The intersection of uninsured Americans and the high cost of medications is a dangerous one. One aspect that may go under-recognized amid the politicized headlines is exactly how some patients choose to cope with shortfalls or gaps in coverage. And it may affect more patients than you realize; according to new data from the Centers for Disease Control and Prevention, around one-third of uninsured American say they did not take their medication as prescribed in an effort to lower their costs within the past year. Why does this matter in the urgent care setting? When patients present, especially for the first time, they may tell you they have hypertension (or diabetes, or congestive heart failure…). And they may tell you they “take” a medication for their condition. They’re less likely, however, to do a deep dive into how well they follow the prescriber’s instructions on dosing—especially if they’re embarrassed about their economic situation. This leaves you with the choice of just taking things at face value or making a point of really having a conversation about how being uninsured affects their daily lives. Ask specifically when they take their medication, and if there are times they “forget” to take it. This will not help remedy their situation, but it will tell you if there are things you need to be vigilant for with that patient. It could also provide an opportunity to counsel the patient on how the drug is supposed to work, and how not taking it correctly could wind up costing far more if there’s a resultant catastrophic event. Yes, this takes extra time. However, the benefit for your urgent care operation is that the patient will walk away feeling like they’ve just had a thorough healthcare visit with a provider who cares. And that may increase the odds that they’ll return, and tell others to visit when they need immediate care, as well.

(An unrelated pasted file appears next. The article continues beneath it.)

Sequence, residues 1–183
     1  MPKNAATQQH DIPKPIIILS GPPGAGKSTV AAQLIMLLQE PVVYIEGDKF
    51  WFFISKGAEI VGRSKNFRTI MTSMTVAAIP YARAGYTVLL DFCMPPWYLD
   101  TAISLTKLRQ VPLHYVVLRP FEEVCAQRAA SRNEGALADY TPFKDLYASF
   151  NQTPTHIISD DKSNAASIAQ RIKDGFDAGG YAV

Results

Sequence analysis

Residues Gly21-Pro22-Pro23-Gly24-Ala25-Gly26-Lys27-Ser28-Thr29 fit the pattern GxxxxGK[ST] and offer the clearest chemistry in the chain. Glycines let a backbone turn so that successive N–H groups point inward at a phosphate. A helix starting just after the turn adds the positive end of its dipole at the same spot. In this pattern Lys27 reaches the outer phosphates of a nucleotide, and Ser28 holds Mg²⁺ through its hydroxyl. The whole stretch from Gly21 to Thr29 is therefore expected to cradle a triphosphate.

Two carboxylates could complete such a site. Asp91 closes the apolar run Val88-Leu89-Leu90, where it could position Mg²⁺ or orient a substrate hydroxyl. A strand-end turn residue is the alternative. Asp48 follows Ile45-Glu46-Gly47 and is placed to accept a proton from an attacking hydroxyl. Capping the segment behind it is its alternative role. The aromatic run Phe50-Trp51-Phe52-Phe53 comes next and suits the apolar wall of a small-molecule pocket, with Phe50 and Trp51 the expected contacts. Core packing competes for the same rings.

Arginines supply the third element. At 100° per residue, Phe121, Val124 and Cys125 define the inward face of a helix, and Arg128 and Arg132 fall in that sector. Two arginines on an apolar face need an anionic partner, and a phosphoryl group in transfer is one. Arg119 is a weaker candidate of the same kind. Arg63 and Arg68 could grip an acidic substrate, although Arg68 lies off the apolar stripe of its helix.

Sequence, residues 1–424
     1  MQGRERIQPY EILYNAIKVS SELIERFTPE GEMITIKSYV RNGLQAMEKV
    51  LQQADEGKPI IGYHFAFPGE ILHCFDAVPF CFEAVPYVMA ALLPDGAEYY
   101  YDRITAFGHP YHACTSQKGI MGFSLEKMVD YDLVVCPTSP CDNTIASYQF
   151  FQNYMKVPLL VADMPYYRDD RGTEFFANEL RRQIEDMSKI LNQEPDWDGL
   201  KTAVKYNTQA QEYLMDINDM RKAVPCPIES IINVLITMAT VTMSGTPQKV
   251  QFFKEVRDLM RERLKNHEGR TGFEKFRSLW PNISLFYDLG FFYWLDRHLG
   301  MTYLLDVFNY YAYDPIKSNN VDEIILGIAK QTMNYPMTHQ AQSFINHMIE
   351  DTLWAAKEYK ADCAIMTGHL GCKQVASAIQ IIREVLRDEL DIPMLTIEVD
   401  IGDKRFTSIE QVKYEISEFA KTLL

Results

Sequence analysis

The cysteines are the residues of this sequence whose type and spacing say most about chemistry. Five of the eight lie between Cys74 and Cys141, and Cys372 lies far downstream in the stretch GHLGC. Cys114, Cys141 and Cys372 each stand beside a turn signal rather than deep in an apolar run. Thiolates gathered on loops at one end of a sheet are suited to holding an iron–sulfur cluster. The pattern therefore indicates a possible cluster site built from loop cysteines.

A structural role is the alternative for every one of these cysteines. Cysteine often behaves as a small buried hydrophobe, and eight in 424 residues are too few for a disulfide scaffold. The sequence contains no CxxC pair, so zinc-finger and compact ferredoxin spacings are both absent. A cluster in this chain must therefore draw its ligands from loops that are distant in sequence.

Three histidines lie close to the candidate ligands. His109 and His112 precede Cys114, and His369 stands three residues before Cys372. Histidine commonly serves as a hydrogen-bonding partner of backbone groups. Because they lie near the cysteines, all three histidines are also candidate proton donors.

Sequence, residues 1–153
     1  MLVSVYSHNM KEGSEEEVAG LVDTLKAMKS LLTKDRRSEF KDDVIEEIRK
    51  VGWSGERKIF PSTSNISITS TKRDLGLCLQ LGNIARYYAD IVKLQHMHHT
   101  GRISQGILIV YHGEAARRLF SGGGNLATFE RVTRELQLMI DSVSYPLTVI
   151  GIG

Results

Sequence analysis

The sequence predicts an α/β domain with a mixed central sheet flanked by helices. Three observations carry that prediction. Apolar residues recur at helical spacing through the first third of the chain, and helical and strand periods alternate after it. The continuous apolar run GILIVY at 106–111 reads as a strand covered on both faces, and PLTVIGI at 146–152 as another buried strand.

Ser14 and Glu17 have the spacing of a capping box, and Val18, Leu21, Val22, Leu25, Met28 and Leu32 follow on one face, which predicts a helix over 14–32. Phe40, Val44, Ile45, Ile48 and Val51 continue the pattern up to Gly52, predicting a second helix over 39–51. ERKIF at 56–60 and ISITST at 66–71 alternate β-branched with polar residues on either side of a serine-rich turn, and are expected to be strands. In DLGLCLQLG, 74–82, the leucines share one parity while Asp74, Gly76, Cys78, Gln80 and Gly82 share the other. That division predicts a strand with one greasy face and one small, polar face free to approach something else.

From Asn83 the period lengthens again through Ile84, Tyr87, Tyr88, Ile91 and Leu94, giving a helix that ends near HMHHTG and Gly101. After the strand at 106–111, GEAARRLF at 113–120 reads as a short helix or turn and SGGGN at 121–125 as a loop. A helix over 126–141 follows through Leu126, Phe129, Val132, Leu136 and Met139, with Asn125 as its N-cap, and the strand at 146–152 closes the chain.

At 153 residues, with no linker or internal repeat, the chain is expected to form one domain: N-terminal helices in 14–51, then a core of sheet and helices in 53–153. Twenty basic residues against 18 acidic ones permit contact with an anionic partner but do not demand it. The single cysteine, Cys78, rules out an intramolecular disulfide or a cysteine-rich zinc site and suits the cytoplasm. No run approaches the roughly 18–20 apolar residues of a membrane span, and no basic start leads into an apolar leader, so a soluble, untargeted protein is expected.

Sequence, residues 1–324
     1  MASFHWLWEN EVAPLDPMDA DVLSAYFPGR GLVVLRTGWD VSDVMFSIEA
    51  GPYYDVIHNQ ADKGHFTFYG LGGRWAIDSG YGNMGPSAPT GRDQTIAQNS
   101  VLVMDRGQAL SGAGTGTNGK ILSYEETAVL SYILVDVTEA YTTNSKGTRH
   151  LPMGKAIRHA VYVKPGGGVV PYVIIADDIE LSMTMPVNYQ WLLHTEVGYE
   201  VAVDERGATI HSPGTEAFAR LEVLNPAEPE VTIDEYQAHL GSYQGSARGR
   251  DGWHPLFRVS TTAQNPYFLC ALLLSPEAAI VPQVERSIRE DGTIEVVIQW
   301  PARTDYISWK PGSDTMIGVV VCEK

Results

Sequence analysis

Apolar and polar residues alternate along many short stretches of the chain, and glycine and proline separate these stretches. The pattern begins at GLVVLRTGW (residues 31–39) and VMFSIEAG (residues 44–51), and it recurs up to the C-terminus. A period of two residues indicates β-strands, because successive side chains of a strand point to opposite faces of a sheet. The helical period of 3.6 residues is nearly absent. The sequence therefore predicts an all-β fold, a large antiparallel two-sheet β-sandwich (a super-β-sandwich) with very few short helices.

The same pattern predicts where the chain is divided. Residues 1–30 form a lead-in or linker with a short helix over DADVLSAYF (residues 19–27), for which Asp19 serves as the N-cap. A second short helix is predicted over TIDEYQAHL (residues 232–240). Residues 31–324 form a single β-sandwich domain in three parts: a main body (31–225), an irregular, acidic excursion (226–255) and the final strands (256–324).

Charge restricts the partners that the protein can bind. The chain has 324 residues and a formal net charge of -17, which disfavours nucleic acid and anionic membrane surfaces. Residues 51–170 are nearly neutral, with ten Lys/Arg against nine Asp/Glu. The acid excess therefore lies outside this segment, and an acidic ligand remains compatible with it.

Remember, Taking Medication and Taking as Prescribed Are Two Different Things
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